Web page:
Bhonde from Siemens expressed his concern for the aging statistics of his work force. Some of Siemens employees have been working at his company for over 40 years and are about to retire with all of that experience that needs to be passed on to the next generation of employees. Siemens can count on the fact that 30-40 students are going through the welding program at one of the three local community colleges.

 Green with Forsyth Tech in Winston-Salem commented that the challenge of the community college system is to be able to scale with the needs of the private sector. There needs to be a partnership with the private sector to know how many employees will be needed and when and with what skills to help economic growth.

Ralls laid out one of the problems in the high school system that discourages students from considering manufacturing. If a student is trying to get into a high profile university, that student will pursue Advanced Placement classes that may give a 5.0 for an A in the class. While that student may get an A in an AP class for European History, the same student may actually enjoy a shop class to learn a technical skill, but the shop class will not allow for a 5.0 AP to highlight a college application.

Ralls runs the Community College System for North Carolina that comprises of 58 community colleges, one of the largest systems in the US. The NC system has become a model across the nation and is recognized internationally.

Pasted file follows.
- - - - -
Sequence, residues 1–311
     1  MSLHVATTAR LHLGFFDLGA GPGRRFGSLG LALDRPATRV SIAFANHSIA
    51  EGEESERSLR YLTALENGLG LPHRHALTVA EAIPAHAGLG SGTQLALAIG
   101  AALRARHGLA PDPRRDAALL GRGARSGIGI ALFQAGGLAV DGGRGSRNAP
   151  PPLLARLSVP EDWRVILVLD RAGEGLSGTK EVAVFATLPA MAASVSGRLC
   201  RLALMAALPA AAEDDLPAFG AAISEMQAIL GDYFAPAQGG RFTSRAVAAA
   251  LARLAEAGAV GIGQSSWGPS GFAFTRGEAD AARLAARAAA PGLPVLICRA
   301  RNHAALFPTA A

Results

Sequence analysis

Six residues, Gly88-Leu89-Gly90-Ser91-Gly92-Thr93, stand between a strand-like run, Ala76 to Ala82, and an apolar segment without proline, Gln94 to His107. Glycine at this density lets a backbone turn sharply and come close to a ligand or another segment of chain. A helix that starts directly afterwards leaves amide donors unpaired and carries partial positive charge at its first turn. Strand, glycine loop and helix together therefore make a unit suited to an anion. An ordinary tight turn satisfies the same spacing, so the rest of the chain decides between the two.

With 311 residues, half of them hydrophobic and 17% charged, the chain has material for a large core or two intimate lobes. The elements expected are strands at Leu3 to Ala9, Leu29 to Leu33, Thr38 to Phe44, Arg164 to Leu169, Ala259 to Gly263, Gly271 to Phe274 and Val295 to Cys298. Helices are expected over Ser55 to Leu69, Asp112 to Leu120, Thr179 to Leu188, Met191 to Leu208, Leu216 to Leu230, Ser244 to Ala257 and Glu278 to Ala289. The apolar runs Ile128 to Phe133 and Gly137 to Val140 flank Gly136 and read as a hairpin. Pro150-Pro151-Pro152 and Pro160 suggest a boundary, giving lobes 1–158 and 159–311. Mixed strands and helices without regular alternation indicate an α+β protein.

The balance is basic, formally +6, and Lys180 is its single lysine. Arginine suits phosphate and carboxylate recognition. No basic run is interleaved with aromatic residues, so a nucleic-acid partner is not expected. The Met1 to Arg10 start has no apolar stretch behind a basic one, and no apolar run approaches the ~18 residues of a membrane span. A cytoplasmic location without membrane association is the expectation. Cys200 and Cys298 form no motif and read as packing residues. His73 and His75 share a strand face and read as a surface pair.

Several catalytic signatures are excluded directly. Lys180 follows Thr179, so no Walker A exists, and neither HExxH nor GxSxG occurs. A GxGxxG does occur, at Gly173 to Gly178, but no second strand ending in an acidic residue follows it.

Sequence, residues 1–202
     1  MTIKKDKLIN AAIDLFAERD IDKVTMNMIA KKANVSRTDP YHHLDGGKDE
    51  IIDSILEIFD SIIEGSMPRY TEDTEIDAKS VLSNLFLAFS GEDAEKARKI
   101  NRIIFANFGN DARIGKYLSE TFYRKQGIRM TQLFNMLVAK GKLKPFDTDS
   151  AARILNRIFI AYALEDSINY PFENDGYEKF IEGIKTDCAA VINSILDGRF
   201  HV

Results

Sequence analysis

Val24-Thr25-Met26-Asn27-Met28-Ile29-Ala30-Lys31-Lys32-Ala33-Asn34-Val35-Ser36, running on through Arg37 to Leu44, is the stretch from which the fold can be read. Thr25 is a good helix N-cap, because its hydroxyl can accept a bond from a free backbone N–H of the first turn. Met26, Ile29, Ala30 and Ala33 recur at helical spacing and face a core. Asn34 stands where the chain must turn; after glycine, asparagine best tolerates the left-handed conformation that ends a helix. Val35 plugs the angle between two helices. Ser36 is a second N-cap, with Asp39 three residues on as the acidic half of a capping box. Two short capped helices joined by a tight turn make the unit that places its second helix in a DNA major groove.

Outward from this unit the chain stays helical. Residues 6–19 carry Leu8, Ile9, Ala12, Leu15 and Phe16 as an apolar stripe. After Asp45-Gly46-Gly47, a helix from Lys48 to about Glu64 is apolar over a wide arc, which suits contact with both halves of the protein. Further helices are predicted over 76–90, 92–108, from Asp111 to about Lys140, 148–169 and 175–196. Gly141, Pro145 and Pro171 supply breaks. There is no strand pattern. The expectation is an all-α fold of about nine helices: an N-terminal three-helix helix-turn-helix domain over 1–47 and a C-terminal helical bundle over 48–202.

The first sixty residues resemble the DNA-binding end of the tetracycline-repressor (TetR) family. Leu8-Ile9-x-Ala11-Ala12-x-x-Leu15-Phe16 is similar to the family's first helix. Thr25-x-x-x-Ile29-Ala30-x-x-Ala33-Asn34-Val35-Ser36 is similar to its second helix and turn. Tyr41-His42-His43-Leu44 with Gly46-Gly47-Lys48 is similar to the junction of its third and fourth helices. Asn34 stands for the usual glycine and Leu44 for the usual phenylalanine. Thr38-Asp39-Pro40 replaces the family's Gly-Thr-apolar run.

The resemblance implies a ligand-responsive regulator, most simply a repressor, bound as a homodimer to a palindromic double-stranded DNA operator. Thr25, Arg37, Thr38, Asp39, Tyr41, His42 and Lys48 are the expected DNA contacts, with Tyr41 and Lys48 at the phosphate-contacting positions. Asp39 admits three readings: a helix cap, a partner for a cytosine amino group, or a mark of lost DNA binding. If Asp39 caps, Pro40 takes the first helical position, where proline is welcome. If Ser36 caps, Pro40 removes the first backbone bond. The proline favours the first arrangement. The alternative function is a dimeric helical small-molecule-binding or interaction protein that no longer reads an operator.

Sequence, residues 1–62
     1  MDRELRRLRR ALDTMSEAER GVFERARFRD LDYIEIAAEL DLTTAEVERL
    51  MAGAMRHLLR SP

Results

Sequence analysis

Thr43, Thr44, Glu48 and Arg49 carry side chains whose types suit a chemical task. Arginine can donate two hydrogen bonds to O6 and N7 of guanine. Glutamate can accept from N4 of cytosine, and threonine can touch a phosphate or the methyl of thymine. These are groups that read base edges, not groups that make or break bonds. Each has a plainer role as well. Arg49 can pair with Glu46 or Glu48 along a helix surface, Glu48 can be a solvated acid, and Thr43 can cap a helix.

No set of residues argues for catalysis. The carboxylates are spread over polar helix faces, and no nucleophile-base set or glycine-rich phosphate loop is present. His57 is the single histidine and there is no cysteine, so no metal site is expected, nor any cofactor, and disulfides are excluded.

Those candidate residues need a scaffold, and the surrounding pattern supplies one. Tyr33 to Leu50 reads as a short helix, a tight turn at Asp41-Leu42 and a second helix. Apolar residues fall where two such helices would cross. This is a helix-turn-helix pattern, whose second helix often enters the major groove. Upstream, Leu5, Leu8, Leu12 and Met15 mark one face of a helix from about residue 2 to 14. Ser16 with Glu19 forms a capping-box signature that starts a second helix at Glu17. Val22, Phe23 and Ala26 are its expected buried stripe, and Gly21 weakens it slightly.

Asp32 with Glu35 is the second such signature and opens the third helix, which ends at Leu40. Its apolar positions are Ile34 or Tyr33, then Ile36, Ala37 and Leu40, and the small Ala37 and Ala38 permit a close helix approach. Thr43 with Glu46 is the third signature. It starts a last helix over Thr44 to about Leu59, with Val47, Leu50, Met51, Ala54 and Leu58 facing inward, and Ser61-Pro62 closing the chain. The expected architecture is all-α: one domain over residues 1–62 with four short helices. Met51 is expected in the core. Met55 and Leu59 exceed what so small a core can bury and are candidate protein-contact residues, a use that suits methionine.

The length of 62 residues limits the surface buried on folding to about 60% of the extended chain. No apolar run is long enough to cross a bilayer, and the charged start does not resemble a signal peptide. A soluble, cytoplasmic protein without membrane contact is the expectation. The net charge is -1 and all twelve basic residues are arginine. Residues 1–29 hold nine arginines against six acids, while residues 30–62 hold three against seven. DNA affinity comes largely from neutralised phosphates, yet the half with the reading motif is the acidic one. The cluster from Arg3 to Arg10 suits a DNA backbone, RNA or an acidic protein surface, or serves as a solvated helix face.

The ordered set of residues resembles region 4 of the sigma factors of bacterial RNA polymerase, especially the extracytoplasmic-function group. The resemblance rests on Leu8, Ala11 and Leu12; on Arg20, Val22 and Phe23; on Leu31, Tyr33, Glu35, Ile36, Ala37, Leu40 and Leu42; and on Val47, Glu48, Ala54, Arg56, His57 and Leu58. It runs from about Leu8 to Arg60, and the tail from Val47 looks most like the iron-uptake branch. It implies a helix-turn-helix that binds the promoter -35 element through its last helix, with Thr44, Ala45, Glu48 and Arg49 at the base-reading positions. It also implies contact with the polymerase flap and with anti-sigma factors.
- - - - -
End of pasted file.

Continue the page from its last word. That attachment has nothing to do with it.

Global Competition

In a post panel interview, WRAL Tech Wire interviewed Ralls and Green about the future of workforce development within the community college system.

When asked about the Massachusetts comment, Rolls said that “North Carolina has been a model for other neighboring states for the last 50 years, but now other countries are catching up. During a recent international recruiting trip in Germany, the North Carolina group saw commercials from the United Arab Emirates for workforce training assets to attract companies to that country. The challenge is to now stay ahead of the global competition.”

When asked about the role of nanotechnology in the community college system, Green said” Nano is evolving as a discipline and application of advanced materials and an enabling technology for textiles and coatings.” Green also said” Nano is not an industry where one day you will see a page full of nano industry jobs, but you will see nano is embedded in other industries.”

According to Green and Ralls, Forsyth Tech is the only of the 58 North Carolina schools to have a focus on nanotechnology. Both President Obama and the Gates Foundation have honored the work of Forsyth Tech as a model for the nano and biotech workforce training.

Just one example of the type of taltent the private sector wants – and needs. 

Innovation Prize Winners

Speaking of future talent … 

The Emerging Issues forum attendees voted to pick two Innovation Prize winners – one for colleges, another for high schools.

No Sweat from UNC Chapel Hill won the college award

The Sirocco Computer Cleaner from North Vance High School took the high school honor.